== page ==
In Memory of Bob Bliss
I think one of the hardest things about growing older is the loss of loved ones from your life. Today I lost my friend Bob after a short fast decline in hospital from liver issues. I am deeply upset and saddened by his quick departure.
Bob had a tough hard persona. But if you scraped that aside you found a genuine, truly kind man who was wonderful. I was lucky enough to know Bob, a man who took me under his wing and taught me so much more than how to hold a pistol correctly. He was also a keen gardener!
I would often tell Bob that he was a unique friend, so different to my other friends. He was brash, opinionated and always seemed to be banned on Facebook for his opinions. But he also brought out a side in me that was happy. We would have wonderful days bantering back and forth. He always loved it when someone gave him as hard a time as he gave so many. He helped me find my voice in life. I just got him!
25 years ago, Bob lost his life is daughter Amanda Jane. I often felt I filled a small part of the hole this left in his life and love that Amanda and I have the same middle name.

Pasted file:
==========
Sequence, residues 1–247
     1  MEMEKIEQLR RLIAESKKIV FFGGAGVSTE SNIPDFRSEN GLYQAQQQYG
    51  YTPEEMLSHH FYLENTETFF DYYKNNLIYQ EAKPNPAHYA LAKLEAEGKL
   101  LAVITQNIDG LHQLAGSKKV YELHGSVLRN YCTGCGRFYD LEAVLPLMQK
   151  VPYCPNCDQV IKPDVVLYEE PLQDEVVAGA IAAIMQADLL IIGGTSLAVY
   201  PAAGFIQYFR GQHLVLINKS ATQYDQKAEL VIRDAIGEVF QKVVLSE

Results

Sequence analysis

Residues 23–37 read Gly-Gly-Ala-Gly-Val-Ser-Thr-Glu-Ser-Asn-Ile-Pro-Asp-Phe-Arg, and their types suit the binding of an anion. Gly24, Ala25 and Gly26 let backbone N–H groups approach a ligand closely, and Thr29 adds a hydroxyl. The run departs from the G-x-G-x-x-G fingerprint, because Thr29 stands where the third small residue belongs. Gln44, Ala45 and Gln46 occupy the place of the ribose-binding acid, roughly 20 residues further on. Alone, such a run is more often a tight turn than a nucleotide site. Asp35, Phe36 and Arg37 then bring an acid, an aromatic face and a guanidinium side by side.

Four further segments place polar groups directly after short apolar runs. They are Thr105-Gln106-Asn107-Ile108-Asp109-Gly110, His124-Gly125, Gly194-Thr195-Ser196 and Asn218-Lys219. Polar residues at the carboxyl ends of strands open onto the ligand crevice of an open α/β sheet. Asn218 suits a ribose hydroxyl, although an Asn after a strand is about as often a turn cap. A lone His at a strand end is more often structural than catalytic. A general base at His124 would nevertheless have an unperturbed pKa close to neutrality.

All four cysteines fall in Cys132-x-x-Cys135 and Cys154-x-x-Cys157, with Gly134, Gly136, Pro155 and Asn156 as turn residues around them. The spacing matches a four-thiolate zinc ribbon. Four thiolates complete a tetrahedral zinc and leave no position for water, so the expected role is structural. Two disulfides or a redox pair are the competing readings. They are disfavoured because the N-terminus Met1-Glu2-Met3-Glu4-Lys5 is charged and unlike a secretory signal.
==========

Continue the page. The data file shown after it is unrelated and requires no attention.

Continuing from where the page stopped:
Bob fought for his country, something we remembered (and will continue to remember) every ANZAC and Remembrance Day. He included us (my husband Steve and me) in his life and introduced us to his friends. We talked about some of the crazy things he did during his service in the air force. We laugh and remember the story about him riding naked through the barracks.
Bob taught me how to shoot a pistol and passed on so much of his expertise to me. He showed me how to load bullets, hold rifles and even fire a Desert Eagle. He introduced me to a new sport I have so much enjoyed. We would often shoot together on a Friday at Gympie.
I used to wear my pink top embroidered with “Battle Babes” that he got made for his girls in Malaysia. We often joked it should have been Bobs Babes!
Those of us that ever got into a car with Bob knew he drove like god was his co-pilot. I imagine everyone that lived on the Cooloola Coast has been passed by a blue Hyundai Tucson blur with BOB number plates at some time. We joked he thought he was still in the air force when he drove his car.
Our last conversation was with me in Northern Territory, him in hospital. I was visiting the abandoned prison at Gunn Point, a place Bob had also visited years before (in part of his service days). I am so thankful we had that last great phone call.
I am so honoured I could call Bob my friend. RIP Bob, a true Aussie larrikin. Our thoughts are with Ellie at this time.